“We moved to a new state when we bought our first house, sight unseen. My husband got a big promotion that necessitated it, and we had to move really quickly. The house we found was great. We had a great realtor who worked with us completely virtually, and we were really happy with the actual house and neighborhood when we moved in. But, when we sent our kids — son, 8, daughter, 10 — to school, they hated it. Even though the area seemed nice, it turned out that the schools were known for being pretty terrible. After the fact, I looked online, and at the local Facebook pages, and it was right there for all to see. I wish I’d thought to do that before we moved.” – Kim, 38, Colorado

3. I Wish I’d Seen the Yard in the Rain

“We bought our first house in the summer. We spent the season landscaping, planting flowers, and all that. Then fall came, with the beautiful changing leaves. Then winter. No problem. But when spring came, the first major downpour we had turned our backyard into a literal swamp. Standing water was at least a foot deep, for almost a half-acre. We’d become friendly with the neighbors by then, and they told us that the previous owner had done a really shitty job landscaping the backyard, and was too cheap to ever get it fixed. He knew it was an issue, but it was never disclosed to us because it wasn’t prevalent during the buying process. And it wasn’t something we would’ve ever thought to even consider asking about. We ended up paying about ten grand to get the yard regraded so the water would run off properly.” – Justin, 40, Michigan

4. I Wish We’d Gotten a Home Inspection

“I bought my first house ‘as-is’ for a great price. It was sort of a family friend deal, and I knew that the house wasn’t in mint condition. What I didn’t know was how much I would actually end up shelling out over the years to replace the furnace, waterproof the basement, and fix just about every plumbing fixture in the house. Since we agreed on ‘as-is’, an inspection wouldn’t have changed the price, but at least it would’ve given me a ballpark figure regarding what a money pit I was buying. All told I think I could’ve bought a nicer house in better condition for what I paid for that one, plus all the improvements I had to make.” – Matt, 37, Massachusetts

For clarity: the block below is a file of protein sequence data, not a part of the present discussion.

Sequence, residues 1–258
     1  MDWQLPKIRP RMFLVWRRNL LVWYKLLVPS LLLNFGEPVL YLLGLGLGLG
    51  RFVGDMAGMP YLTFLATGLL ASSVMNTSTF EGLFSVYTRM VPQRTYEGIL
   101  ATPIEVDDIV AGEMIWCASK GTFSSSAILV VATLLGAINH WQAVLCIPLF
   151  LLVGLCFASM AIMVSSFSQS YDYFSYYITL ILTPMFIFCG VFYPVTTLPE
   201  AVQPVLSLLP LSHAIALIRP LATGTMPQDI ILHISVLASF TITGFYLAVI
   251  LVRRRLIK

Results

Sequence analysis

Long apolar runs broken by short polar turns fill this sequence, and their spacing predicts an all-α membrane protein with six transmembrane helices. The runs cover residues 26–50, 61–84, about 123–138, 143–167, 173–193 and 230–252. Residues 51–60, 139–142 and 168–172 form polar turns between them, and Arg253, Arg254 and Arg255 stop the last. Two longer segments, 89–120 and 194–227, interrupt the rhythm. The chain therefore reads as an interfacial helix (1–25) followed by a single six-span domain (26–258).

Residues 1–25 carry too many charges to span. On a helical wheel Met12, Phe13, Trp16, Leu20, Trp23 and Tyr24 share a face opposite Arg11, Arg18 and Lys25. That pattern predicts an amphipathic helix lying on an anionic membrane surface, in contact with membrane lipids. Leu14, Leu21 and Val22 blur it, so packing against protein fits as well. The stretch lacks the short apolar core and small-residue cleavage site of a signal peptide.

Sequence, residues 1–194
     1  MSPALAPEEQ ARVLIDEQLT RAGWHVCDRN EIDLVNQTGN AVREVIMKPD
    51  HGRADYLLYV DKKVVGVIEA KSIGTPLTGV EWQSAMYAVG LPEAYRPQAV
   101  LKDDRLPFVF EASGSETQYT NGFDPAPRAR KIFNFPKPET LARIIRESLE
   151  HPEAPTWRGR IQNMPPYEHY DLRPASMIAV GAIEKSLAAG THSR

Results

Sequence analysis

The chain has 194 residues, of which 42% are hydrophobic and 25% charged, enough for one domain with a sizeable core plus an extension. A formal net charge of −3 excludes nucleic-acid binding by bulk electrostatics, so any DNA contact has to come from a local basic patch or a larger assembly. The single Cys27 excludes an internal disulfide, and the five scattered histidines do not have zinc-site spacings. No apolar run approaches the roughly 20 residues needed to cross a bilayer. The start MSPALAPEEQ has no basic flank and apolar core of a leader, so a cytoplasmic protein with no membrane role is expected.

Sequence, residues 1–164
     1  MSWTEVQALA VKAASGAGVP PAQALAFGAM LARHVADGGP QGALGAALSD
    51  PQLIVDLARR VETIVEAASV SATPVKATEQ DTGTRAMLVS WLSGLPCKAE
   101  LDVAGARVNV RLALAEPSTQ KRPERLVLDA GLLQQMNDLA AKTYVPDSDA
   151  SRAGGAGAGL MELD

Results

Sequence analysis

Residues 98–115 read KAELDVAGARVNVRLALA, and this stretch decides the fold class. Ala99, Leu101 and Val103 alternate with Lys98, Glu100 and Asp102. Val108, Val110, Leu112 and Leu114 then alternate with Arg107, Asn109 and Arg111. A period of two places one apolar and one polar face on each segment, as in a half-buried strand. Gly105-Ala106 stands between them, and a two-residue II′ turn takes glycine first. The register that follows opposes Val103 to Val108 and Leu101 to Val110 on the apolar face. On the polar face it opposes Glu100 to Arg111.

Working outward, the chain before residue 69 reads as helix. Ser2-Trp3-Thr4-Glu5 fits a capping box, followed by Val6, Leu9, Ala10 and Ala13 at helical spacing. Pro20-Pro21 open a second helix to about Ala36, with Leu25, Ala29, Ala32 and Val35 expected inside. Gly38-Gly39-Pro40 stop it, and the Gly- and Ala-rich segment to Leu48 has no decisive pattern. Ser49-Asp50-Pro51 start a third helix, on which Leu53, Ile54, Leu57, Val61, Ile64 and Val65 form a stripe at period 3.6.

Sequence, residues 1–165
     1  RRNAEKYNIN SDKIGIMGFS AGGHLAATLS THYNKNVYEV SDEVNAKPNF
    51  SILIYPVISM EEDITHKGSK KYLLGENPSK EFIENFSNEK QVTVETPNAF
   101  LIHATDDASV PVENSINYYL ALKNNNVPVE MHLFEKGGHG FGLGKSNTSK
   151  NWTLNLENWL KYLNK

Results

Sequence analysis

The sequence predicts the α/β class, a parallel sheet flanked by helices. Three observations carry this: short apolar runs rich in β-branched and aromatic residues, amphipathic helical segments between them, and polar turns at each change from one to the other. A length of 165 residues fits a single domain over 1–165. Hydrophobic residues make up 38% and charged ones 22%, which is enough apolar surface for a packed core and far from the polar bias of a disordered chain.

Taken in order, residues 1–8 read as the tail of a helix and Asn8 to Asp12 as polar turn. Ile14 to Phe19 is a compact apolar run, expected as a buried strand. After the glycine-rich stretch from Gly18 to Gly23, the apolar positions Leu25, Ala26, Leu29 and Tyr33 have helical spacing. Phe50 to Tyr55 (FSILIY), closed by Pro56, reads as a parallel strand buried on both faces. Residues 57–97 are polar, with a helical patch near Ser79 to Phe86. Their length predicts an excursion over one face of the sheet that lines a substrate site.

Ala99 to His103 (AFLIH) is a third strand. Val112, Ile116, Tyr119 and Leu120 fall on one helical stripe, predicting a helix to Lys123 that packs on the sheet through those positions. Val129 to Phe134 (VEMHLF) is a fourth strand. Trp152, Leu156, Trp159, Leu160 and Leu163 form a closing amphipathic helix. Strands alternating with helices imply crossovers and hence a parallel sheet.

5. I Wish We’d Been Less Superficial

“Our first house was such a cliché. No white picket fence, but it was all about looks for us. We wanted the classic cul-de-sac house in the suburbs and were determined to get one. We found one, but it was mildly outside of our budget. Once our first mortgage payment hit, my husband and I were kind of like, ‘Oh shit. This is real now.’ We were young, and we were stupid, and we were in over our heads. It was just the two of us at the time, and we definitely didn’t need that much house. We should’ve bought small, made improvements, resold, and then upsized once our family started growing. Classic rookie mistake that, thankfully, we were able to learn from.” – Allison, 35, North Carolina